The orientation (ORIENT
) of the telescope is defined as the position angle of the U3 axis on the sky measured from north through east (see Figure 2.2
In principle, HST
is free to roll about the U1 optical axis. However, this freedom is limited by the need to keep sunlight shining on the solar arrays and by a thermal design that assumes that the Sun always heats the same side of the telescope.
For a particular pointing, the orientation of the telescope that optimizes solar array
positioning with respect to the Sun is called the nominal roll
. At this orientation, the Sun is in the half-plane defined by the U1 axis and the negative U3 axis (see Figure 2.1
). Consequently, the nominal roll required for a particular observation depends on the location of the target and date of the observation. The same target observed at different times will, in general, be made at different orientations. Some departures from nominal roll are permitted during HST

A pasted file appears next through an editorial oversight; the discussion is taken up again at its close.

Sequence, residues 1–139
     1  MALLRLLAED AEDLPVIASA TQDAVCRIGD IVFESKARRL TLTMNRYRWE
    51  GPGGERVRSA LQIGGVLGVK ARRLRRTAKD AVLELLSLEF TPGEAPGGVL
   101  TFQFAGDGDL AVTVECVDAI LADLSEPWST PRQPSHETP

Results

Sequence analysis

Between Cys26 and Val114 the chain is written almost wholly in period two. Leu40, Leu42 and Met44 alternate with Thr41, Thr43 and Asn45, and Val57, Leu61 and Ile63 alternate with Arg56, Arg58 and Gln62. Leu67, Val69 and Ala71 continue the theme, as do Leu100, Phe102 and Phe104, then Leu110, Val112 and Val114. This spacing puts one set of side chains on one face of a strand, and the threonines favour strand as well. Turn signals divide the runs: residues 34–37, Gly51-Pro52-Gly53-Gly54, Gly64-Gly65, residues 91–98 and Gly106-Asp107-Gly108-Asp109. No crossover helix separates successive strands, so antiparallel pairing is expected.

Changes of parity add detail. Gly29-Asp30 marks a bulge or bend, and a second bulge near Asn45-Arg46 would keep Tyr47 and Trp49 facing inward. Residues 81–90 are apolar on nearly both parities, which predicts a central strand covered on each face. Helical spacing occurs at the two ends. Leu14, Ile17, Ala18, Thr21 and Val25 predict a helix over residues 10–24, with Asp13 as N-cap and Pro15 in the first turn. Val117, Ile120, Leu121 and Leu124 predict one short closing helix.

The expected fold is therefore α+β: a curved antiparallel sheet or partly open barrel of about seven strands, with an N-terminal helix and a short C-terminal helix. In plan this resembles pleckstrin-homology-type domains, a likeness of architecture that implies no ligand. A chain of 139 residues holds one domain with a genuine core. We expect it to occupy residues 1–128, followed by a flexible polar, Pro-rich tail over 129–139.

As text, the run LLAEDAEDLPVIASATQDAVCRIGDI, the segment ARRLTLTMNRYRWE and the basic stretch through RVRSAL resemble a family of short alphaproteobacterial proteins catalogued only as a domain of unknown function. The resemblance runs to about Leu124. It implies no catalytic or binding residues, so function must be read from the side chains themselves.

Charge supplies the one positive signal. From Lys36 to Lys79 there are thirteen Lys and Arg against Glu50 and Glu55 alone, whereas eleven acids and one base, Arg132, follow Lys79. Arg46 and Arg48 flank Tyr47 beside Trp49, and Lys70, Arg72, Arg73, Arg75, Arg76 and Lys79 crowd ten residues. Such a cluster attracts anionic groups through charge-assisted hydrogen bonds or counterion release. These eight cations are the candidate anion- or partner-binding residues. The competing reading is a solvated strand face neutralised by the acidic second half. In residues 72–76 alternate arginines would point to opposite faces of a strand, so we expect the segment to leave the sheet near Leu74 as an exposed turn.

observing (e.g., if a specific orientation is required on a particular date or if the same orientation is required for observations made at different times).
is defined as the angle about the U1 axis between a given orientation and the nominal roll. Off-nominal rolls are restricted to less than approximately 5° when the U1-to-sun angle is between 50
° and 90°, less than 30° when the angle is between 90° and 178°, and it is unlimited between 178°
and 180°. (To achieve an anti-sun pointing of 178° to 180°, the target must lie in or near the plane of the Earth’s orbit.)
Observations requiring a certain ORIENT
for a target at a particular time may not be feasible because the required off-nominal roll angle may be outside the allowed limits. The Visit Planner in the Phase II mode of the Astronomer’s Proposal Tool
(APT) software can be used in such cases to assess the feasibility of the observations. Please contact firstname.lastname@example.org